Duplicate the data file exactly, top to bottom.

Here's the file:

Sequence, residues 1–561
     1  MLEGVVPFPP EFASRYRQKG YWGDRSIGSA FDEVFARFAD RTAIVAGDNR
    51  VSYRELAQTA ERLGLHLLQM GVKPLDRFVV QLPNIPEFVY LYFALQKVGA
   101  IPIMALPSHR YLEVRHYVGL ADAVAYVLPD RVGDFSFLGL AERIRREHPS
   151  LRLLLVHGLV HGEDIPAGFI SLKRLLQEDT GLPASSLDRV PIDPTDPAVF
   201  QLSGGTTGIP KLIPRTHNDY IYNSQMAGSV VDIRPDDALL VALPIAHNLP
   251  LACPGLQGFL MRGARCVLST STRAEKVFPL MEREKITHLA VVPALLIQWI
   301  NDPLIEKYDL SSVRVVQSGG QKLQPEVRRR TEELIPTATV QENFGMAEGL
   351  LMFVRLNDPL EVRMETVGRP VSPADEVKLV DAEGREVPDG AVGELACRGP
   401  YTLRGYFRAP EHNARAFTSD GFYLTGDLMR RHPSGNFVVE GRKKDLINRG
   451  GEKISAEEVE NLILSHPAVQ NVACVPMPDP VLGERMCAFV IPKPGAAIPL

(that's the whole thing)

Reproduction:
Sequence, residues 1–561
     1  MLEGVVPFPP EFASRYRQKG YWGDRSIGSA FDEVFARFAD RTAIVAGDNR
    51  VSYRELAQTA ERLGLHLLQM GVKPLDRFVV QLPNIPEFVY LYFALQKVGA
   101  IPIMALPSHR YLEVRHYVGL ADAVAYVLPD RVGDFSFLGL AERIRREHPS
   151  LRLLLVHGLV HGEDIPAGFI SLKRLLQEDT GLPASSLDRV PIDPTDPAVF
   201  QLSGGTTGIP KLIPRTHNDY IYNSQMAGSV VDIRPDDALL VALPIAHNLP
   251  LACPGLQGFL MRGARCVLST STRAEKVFPL MEREKITHLA VVPALLIQWI
   301  NDPLIEKYDL SSVRVVQSGG QKLQPEVRRR TEELIPTATV QENFGMAEGL
   351  LMFVRLNDPL EVRMETVGRP VSPADEVKLV DAEGREVPDG AVGELACRGP
   401  YTLRGYFRAP EHNARAFTSD GFYLTGDLMR RHPSGNFVVE GRKKDLINRG
   451  GEKISAEEVE NLILSHPAVQ NVACVPMPDP VLGERMCAFV IPKPGAAIPL